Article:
Some of you are probably done with ABC News over the George Stephanopoulos embarrassment.
Of course, you wouldn't be wrong to boycott ABC News. You might be a fool not to.
If you have any pretension to intellectual honesty, you either boycott ABC News over this Stephanopoulos mess, or you take a pair of hairy donkey ears and pin them to your temples.
It's possible that you wish to keep on watching the ethically challenged ABC News but you'd really like to skip the hassle of searching for authentic hairy donkey ears.
In that case just wear a kilt, a tartan, like the kind former President Bill Clinton might wear as "First Laddie" of the United States, should his wife be elected our president and he's left to milk their cash cow, the Clinton Foundation.
Or better yet, if you really, really want to watch ABC News, then paste a Planet Hillary photo to your forehead, like the one from the New York Times magazine a while back.
The ABC News promotions department should be able to print up a few million of these: a gigantic orbiting Hillary head floating in space, kind of like Mrs. Moon but it's Hillary, with a wry grin, stars twinkling, perfect for posters.
But I'd really like to take that ABC News boycott notion a step further.
Why boycott just ABC News? Why not boycott all American TV news? You think you'll miss something important?
What do you get for watching TV news anyway besides a gnawing sense that you're being manipulated by Machiavellis? Nothing.
So try my experiment. I've decided to take a break from TV news -- cable and network -- and spend that extra time reading, tending my tomatoes, having conversations with my loved ones, and drinking whiskey.
I don't have a problem with panel discussion programs -- the kind on CSPAN, where panelists have much gravitas -- but I'm sick of glitzy network and cable scream fests.
I just can't take the emoting of the anchors, their posing and pouting, their head shaking and other broad pantomimes.
And forgive me, but I really don't think they need to slap on more lip gloss to tell me, breathlessly, about more ISIS beheadings.
So I'm gone. If it's not sports, or a big-budget medieval fantasy drama about dragons and a profoundly heroic yet sarcastic dwarf who visits bordellos and gets kidnapped by a disgraced knight seeking to win back favor of his queen, then I'm not interested.
Of course that goes for FOX News, which has become the Jeb Bush Republican Neocon Establishment Network, along with high frequencies of female anchor thigh display.
But it also goes for all the other broadcast and cable shops. They serve as Democratic Establishment News, priming voters in the class wars, especially the turgid left's show pony, Al Sharpton.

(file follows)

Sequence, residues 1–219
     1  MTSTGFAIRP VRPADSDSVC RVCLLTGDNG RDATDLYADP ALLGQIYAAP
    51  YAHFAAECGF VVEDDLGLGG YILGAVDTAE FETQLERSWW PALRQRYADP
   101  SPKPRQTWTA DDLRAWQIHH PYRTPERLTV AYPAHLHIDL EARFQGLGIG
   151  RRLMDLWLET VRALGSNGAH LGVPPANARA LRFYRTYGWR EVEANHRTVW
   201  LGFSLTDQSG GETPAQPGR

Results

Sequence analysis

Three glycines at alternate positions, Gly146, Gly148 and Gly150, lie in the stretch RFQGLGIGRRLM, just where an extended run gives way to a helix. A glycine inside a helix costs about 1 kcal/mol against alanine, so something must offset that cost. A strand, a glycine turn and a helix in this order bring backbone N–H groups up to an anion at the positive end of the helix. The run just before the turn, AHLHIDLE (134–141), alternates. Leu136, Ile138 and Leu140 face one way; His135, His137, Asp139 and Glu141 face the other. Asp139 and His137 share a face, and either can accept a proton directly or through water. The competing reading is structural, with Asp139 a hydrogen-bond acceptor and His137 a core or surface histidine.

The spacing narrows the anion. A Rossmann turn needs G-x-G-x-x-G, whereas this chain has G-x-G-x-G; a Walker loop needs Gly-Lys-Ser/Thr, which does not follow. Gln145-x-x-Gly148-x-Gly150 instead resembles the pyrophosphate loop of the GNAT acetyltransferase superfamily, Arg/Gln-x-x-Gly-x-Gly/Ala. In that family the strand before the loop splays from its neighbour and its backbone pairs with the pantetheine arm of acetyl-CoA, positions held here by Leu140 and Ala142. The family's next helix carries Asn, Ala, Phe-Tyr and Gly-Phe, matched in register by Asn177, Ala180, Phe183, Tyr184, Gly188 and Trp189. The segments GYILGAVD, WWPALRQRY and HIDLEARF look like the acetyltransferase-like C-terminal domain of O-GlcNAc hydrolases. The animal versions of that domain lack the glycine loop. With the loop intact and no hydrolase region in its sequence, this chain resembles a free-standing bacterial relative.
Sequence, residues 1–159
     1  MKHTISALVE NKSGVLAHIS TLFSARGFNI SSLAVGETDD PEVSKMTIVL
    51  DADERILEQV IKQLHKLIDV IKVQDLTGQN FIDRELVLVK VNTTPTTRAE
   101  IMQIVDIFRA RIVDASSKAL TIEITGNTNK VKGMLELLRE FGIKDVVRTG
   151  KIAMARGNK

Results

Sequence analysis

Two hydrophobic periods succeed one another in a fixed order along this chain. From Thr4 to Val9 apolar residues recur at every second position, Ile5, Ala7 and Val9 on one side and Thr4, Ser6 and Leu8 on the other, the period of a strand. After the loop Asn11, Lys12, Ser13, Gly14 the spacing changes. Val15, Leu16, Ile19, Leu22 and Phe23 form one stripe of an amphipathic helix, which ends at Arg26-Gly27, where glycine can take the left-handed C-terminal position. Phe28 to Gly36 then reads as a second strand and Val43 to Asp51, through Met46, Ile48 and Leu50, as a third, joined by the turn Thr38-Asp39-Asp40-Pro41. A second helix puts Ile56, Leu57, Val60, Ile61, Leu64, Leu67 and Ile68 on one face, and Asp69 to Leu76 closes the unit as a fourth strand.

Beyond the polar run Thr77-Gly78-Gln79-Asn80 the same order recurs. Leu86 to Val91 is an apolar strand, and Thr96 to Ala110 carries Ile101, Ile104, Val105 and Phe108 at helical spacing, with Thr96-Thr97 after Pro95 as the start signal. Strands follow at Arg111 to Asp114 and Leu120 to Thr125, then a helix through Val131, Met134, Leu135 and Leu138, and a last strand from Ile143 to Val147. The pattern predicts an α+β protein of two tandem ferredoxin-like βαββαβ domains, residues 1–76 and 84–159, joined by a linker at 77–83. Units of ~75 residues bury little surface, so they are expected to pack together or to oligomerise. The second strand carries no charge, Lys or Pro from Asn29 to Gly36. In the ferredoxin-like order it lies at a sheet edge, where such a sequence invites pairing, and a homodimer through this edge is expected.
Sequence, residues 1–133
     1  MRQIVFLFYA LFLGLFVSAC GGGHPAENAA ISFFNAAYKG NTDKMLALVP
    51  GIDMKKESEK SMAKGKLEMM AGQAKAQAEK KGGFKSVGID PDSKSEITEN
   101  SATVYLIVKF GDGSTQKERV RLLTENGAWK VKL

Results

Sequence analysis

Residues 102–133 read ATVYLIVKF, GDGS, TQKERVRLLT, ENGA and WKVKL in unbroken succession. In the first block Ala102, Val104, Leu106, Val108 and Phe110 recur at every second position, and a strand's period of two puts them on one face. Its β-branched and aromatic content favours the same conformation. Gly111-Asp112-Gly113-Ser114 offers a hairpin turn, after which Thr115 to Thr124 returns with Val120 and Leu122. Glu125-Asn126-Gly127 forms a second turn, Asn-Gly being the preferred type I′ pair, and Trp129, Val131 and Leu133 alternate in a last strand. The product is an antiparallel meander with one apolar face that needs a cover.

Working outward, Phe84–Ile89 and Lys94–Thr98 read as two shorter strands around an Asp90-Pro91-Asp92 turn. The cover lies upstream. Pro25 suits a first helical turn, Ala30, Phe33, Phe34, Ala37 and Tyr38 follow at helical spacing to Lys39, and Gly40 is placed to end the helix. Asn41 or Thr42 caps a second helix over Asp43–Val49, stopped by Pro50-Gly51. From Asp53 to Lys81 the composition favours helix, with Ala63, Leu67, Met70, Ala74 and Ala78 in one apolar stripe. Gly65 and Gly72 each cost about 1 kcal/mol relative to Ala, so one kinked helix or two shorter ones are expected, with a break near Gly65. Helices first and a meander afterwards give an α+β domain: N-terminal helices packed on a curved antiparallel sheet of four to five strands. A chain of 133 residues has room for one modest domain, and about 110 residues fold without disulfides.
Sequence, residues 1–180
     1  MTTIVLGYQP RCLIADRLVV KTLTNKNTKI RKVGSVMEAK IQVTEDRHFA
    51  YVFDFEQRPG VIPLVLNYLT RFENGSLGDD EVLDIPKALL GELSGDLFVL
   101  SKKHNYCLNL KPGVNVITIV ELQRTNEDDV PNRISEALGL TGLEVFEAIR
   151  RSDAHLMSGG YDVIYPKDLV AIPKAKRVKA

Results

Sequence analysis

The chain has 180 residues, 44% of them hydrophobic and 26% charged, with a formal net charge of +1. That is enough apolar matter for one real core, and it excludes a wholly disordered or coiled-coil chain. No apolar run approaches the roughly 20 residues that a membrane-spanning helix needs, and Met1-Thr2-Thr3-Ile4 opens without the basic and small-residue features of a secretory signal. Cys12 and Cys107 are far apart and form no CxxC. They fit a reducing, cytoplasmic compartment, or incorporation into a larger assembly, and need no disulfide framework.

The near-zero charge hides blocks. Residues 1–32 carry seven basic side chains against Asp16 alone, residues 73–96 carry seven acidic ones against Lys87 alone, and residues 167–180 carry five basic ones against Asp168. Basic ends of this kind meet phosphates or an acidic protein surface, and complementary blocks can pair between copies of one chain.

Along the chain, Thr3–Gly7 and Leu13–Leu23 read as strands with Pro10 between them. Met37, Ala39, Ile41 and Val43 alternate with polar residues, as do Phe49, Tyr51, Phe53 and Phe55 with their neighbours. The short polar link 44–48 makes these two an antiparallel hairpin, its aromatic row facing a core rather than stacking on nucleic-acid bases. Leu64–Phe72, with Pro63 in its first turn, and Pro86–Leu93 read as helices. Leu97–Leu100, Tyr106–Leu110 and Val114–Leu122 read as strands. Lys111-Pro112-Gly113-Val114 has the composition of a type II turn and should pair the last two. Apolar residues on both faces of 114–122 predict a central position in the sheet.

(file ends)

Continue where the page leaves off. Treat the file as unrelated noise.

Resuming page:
I have friends who are TV reporters and I'll go online to see their stories. Some do excellent and even dangerous work. But I just can't stand American TV news divas and Republican and Democratic operatives masquerading as journalists, spinning, spinning, spinning.
It got old.
So I'll read to get my news, or listen, or go on the Internet for copy and video but I won't waste time on a creaky old news show. Certainly some will say this is all self-serving. Others will no doubt skewer me if I'm invited to appear on a news program. But don't worry. I promise not to watch.
And I may disclose someday that, yes, I once boycotted TV news in the summer of 2015 but have since "evolved."
That's what we're talking about here: disclosure.
Stephanopoulos is the face of ABC News political coverage. He's host of the network's morning program "Good Morning America" and host of the network's Sunday morning political talk show, "This Week with George Stephanopoulos."
But he's not a journalist. He's a spinner, a former top Bill Clinton staffer.
And while skewering former Republican operative and "Clinton Cash" author Peter Schweizer about the Clinton Foundation and pay-to-play allegations, Stephanopoulos omitted something.
He didn't disclose to his audience the fact that he'd donated $75,000 to the Clinton Foundation.
Instead, Stephanopoulos defended Hillary Clinton rather vigorously, insisting the former U.S. Secretary of State was being tarred for no good reason.
STEPHANOPOULOS: "Based on what? Based on what? Do you have any direct evidence that she actually intervened on this issue?"
SCHWEIZER: "No we don't have direct evidence but it warrants further investigation because again, George, this is part of the broader pattern. You either have to come to the conclusion that these are all coincidences or something else is afoot."
STEPHANOPOULOS: "And that is what the Clintons do say, it's coincidence, they say you have produced no evidence and I still haven't heard any direct evidence and you just said you have no evidence that she intervened here. But I do want to ask a broader question: It's been reported that you've briefed several Republicans on the Senate Foreign Relations committee, including the chairman, Bob Corker. Did you offer any briefings to Democrats?
SCHWEIZER: No, but I'd be glad to brief them before the book's released.
It went on like this for several painful minutes. If Stephanopoulos had disclosed his gift to the Clinton Foundation, the discussion would be about his bias, and remain political.
But he didn't disclose. And so, his news organization tells us not to bother with their ethical issues.
Stephanopoulos later apologized for not disclosing his contributions. ABC News congratulated him and left it at that.
I'll leave it at that too.
TV news? I'm going to look for summer.
I'm out of here.